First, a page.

Botstein, while supportive of new works, is perplexed by how many lesser-known pieces by earlier composers fall out of the repertory.

"Is the only reason why we are concerned with Leonardo (da Vinci) because of the Mona Lisa? No! Painting doesn't suffer from this, literature doesn't suffer from this, but music does. It's a kind of masterpiece syndrome," he said.

He said that music has become "a kind of passive Olympic sport" where "the only people we remember are the gold medalists, and the gold medalists only remember one victory."

"It's ridiculous and extremely heart-breaking," Botstein said. "It's a cultural tragedy."


© Agence France-Presse





Today's News

July 27, 2017

Evidence of Babylonian destruction of Jerusalem found at the City of David

Basquiat: A darling of pop culture, but not museums

Banksy work comes top of poll of UK's favourite artworks

Major exhibition of works by Henri de Toulouse-Lautrec on view at AMO-Palazzo Forti

Quirky US-French museum to offer night on Orient Express

V&A appoints new Keeper of Design, Architecture and Digital

Heart rate study tests emotional impact of Shakespeare

Phillips hosts 'The Sky in a Room' a private selling exhibition of contemporary art

Jack and Sandra Guthman donate major gift to honor 50th anniversary of MCA Chicago

First space 'selfie' to be offered by Bloomsbury Auctions

Exhibition focuses on one of the most important and influential cinematographers in cinema

Rosenberg & Co. opens exhibition of works by contemporary artist Tom H. John

Latino portraits given to San Antonio Museum of Art

Amanda Donnan named Curator at the Frye Art Museum

Reviving rare Dvorak opera and finding the present

Leo and Kate will be your date, for the right price

Doris Kearns Goodwin named Honorary Chair of the Campaign for the Concord Museum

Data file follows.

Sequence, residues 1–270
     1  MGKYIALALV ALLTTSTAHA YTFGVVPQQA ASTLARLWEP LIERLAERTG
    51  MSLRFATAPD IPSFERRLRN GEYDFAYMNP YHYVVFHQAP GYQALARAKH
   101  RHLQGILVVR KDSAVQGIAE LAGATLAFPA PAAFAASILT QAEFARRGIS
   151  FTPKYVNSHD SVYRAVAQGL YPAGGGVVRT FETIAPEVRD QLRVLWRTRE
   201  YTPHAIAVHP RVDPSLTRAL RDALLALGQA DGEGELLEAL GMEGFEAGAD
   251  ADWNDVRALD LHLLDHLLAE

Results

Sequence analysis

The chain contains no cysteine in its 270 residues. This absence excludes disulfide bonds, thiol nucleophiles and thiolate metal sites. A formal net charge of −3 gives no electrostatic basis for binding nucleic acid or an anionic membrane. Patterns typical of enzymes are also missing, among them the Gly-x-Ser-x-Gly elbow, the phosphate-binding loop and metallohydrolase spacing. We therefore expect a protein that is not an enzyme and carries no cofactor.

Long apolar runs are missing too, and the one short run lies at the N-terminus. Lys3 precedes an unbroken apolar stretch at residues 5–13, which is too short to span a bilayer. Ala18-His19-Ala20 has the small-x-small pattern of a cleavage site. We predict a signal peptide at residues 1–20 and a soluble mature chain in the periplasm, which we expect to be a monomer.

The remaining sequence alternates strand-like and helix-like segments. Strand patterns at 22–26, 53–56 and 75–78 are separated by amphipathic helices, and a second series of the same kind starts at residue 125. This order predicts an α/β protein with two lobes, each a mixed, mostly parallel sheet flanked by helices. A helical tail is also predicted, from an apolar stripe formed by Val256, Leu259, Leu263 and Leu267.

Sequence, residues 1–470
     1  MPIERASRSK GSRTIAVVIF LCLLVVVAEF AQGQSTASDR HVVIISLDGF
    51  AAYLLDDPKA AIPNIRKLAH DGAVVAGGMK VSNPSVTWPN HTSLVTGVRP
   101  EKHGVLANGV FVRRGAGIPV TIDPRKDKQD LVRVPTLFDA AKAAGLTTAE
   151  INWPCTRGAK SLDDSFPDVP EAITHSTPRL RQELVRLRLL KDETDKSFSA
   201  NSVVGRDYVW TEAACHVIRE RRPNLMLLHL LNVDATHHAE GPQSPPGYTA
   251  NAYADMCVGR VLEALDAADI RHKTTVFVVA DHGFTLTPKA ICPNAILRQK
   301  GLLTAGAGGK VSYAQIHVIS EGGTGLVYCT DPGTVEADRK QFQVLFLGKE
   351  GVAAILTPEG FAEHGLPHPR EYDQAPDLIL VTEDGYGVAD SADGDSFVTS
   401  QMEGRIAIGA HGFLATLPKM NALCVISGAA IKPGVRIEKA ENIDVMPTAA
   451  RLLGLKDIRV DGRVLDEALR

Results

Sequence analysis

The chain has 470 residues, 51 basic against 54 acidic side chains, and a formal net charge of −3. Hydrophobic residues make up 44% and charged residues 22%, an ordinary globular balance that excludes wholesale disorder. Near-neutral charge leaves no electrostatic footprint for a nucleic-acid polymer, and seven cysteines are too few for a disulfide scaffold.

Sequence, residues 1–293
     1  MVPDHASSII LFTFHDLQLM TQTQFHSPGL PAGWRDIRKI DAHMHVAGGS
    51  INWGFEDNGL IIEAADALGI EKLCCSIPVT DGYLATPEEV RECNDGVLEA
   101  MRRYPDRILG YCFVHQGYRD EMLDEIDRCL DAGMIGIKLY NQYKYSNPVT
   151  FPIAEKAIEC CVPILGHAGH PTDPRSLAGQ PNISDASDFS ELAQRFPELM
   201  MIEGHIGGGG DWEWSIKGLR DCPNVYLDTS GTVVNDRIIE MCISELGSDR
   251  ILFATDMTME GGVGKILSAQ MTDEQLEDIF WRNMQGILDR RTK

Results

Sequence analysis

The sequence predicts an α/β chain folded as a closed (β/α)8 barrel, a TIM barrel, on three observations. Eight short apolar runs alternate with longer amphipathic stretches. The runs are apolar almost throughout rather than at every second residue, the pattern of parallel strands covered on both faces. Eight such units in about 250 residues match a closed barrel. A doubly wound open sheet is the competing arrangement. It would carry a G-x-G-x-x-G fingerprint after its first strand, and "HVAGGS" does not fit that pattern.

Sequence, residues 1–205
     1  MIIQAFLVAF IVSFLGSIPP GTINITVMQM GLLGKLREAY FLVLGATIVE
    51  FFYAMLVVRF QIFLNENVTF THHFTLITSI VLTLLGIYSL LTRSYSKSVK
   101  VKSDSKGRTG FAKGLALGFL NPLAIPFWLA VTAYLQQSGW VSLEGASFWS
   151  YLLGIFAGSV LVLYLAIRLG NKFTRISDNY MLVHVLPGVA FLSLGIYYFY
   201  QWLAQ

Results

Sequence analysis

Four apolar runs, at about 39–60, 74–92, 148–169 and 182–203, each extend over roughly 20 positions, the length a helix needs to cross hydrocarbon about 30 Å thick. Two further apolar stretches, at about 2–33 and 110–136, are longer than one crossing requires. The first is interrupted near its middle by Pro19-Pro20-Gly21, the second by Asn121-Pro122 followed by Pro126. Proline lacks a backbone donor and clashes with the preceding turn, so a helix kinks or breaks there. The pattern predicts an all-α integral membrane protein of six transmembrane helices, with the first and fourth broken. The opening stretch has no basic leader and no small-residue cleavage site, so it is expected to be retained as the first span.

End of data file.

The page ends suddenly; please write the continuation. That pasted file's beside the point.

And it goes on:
German opera festival confronts Wagner anti-Semitism head-on

The Ringling appoints Dr. Rhiannon Paget As Curator of Asian Art

Gallery commissions new photograph of This Is England and Skins actor Jack O'Connell

Pat Brassington awarded the inaugural Don Macfarlane Prize

Robert Crumb cover art set to lead Heritage Auctions' Vintage Comic event

Monash University Museum of Art presents a range of contemporary Australian and international artists

Most Popular Last Seven Days



1.- Design Museum in London opens major exhibition to mark the 70th anniversary of Ferrari

2.- 'Salvator Mundi' by Leonardo da Vinci sells for $450mn in auction record: Christie's

3.- Pricing the priceless: the $450mn Da Vinci record

4.- Marc Chagall's "Les Amoureux" sets auction record at $28.5 million at Sotheby's

5.- Jackson Pollock's largest painting makes DC debut at the National Gallery of Art

6.- First major exhibition to reposition the history of 18th-century Mexican painting opens

7.- Exhibition brings together the largest group of original drawings by Michelangelo

8.- Rare Holocaust 'bread card' brooch recovered near Auschwitz

9.- Exhibition presents an homage to the late French artist Raymond Hains by Jérémy Demester

10.- China's futuristic library: More fiction than books



Museums, Exhibits, Artists, Milestones, Digital Art, Architecture, Photography,
Photographers, Special Photos, Special Reports, Featured Stories, Auctions, Art Fairs,
Anecdotes, Art Quiz, Education, Mythology, 3D Images, Last Week, .

 

Founder:
Ignacio Villarreal
Editor & Publisher:Jose Villarreal - Consultant: Ignacio Villarreal Jr.
Art Director: Juan José Sepúlveda Ramírez


Royalville Communications, Inc
produces:

ignaciovillarreal.org avemariasound.org juncodelavega.com facundocabral-elfinal.org
Founder's Site. The most varied versions
of this beautiful prayer.
Hommage
to a Mexican poet.
Hommage
       

The First Art Newspaper on the Net. The Best Versions Of Ave Maria Song Junco de la Vega Site Ignacio Villarreal Site
Tell a Friend
Dear User, please complete the form below in order to recommend the Artdaily newsletter to someone you know.
Please complete all fields marked *.
Sending Mail
Sending Successful